The important thing is not the number of partners you have, if any, but rather your contentment in the situation as it unfolds.

    This interpretation is not only Buddhist in nature, but Taoist and Christian as well (two worldviews I'm also familiar with).

    Taoists seek to do things spontaneously, as if giving in to the flow of a river that makes their journey as effortless as a smooth-sailing boat.

    The apostle Paul, likewise, has similar advice on this very subject (in I Corinthians 7:8-9, 17, & 25-28):

    Now to the unmarried and the widows I say: It is good for them to stay unmarried, as I am. But if they cannot control themselves, they should marry, for it is better to marry than to burn with passion. Nevertheless, each one should retain the place in life that the Lord assigned to him and to which God has called him. Are you married? Do not seek a divorce. Are you unmarried? Do not look for a wife. But if you do marry, you have not sinned; and if a virgin marries, she has not sinned. But those who marry will face many troubles in this life, and I want to spare you this.
    Lol, so take your pick--Buddha, Lao Tzu, St. Paul--they can all be easily interepreted to have no problem with marriage in and of itself. Just ask yourself, though, do I have right mindfulness, right intention, and right action, or am I just doing this, consequences and other people be damned?

    Am I living life according to its way, or am I trying to force something that is not natural?

    Has God ordained this for me, or does he have another purpose which I am ignoring?

    Anyway, hope this helps. Take care!

    CotP

    Edit: Just added verses 8-9 to that block of quote (the verses Victor was referring to earlier).
    "In the opening and shutting of heaven's gate, are you able to play the feminine part?" -- Lao Tzu

    "For when the One Great Scorer comes
    To write against your name,
    He marks - not that you won or lost -
    But how you played the Game."
    -- Grantland Rice

    Life is a game, boy. Life is a game that one plays according to the rules. -- from The Catcher in the Rye

    "The only rules that really matter are these: what a man can do, and what a man can't do." -- Jack Sparrow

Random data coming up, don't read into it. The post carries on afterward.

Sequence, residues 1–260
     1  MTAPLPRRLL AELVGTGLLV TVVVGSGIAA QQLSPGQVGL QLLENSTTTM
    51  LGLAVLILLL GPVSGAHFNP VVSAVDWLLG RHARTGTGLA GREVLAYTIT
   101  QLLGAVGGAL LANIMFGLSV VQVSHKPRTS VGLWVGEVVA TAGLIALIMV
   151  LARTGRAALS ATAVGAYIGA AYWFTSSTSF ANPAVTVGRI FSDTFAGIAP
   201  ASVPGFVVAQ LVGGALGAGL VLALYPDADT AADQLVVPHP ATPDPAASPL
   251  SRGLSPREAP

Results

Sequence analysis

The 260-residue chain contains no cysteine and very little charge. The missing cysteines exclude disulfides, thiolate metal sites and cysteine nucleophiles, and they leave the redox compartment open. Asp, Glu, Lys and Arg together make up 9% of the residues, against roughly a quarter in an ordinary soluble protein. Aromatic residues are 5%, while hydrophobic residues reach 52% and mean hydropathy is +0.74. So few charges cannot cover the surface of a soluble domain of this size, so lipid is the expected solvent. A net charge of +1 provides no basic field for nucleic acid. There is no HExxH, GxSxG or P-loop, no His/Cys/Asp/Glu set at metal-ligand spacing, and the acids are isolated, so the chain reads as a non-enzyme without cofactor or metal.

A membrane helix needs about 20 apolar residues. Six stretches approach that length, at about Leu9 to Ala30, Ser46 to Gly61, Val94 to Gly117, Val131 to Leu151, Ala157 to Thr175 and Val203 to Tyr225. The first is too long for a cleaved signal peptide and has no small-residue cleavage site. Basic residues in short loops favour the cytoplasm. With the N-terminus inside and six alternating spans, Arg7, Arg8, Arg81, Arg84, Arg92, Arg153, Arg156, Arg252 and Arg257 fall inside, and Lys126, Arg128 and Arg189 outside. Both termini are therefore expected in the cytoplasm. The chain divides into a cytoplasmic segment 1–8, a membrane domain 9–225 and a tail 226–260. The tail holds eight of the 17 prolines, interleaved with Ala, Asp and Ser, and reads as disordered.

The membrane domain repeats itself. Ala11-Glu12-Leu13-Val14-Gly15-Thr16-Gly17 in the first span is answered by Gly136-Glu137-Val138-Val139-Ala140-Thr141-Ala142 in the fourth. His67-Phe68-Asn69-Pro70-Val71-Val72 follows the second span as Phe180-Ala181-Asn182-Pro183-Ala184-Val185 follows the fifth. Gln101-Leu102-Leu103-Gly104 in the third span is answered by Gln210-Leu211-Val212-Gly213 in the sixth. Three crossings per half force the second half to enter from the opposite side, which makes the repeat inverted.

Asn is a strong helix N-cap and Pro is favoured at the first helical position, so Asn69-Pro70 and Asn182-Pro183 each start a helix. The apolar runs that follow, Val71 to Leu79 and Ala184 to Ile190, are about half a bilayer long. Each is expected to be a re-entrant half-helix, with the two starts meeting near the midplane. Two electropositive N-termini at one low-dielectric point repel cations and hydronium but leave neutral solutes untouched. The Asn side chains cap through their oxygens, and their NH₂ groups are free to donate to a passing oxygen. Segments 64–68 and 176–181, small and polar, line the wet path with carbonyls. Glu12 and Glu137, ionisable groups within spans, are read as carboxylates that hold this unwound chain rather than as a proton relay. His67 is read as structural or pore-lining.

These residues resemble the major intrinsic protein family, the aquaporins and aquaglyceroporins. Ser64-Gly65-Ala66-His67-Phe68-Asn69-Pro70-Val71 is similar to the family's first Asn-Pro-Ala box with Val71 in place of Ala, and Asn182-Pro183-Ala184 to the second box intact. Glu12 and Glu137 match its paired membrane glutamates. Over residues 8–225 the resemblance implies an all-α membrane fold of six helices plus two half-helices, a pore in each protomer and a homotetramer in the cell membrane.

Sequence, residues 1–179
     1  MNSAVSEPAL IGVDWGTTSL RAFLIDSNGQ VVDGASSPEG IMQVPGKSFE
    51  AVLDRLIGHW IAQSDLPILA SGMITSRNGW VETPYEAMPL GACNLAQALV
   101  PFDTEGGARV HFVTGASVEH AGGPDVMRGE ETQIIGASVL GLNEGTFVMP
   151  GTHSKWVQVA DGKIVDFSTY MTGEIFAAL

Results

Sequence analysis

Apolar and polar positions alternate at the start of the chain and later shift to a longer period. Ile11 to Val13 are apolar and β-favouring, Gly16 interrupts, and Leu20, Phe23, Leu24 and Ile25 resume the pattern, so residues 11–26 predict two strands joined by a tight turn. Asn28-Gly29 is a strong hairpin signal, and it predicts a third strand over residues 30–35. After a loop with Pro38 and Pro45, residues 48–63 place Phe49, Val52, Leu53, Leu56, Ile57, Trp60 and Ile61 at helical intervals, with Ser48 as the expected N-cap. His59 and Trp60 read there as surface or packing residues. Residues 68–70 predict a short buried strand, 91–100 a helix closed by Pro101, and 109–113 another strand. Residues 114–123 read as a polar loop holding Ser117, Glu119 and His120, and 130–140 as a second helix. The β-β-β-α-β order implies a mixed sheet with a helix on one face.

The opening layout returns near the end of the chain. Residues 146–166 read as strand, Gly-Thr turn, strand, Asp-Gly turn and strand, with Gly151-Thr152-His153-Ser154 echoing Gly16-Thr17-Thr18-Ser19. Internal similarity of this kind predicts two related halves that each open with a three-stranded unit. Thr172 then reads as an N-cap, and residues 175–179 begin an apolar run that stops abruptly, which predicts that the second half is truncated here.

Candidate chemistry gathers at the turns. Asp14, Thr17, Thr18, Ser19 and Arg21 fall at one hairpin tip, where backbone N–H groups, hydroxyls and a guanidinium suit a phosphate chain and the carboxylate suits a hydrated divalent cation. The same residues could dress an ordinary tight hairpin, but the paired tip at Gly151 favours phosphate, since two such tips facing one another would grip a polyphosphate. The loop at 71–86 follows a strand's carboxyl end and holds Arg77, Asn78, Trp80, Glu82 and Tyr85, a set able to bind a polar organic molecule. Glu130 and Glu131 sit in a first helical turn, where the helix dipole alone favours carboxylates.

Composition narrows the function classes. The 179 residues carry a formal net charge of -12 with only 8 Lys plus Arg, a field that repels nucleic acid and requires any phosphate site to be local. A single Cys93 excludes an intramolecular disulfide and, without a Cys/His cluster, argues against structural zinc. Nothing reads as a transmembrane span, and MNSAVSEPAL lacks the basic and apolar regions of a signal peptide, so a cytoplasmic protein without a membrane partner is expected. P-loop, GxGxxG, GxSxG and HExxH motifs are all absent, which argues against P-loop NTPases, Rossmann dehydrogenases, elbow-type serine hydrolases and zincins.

5. #5
    a scream in a vortex nanook's Avatar
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    you should probably try to find out something about the principles of descending (agape) and ascending (eros).
    (i dont know the Buddhist terms)

    because love is a perfect circle of both.

    its related to what ChildOfTheProphets said, about being free first, and then going to dance. this is the order of the path. apparently it does not work in the opposite sequence, at least for most practitioners. the circle will not be big enough, if you don't learn to ascent to the top first. and so the descending will be an 'impure' version. meaning your interpretation of lovin would cause lots of pain. it's about how the spirit works, obviously

    it is not an order of society. but naturally to some degree the order of monastic live. you have to separate the path of evolving consciousness from Buddhist philosophy. unfortunately some Buddhists don't get the separation right, themselves. and apparently most of the philosophy is that of someone who is already free, which sort of implies that they do not have a clear philosophy for people who are not free yet and who live an ordinary live. just instructions on how to practice. but i don't really have insight into what Buddhism does NOT have. it may be there, but its not so obvious.

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    Senior Member Scott N Denver's Avatar
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    Quote Originally Posted by Babylon Candle View Post
    Buddhism is nihilism, dressed up in optimistic clothing...